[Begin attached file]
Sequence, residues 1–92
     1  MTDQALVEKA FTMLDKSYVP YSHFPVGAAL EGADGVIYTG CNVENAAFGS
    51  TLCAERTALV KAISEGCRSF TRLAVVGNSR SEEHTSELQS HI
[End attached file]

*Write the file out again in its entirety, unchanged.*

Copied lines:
Sequence, residues 1–92
     1  MTDQALVEKA FTMLDKSYVP YSHFPVGAAL EGADGVIYTG CNVENAAFGS
    51  TLCAERTALV KAISEGCRSF TRLAVVGNSR SEEHTSELQS HI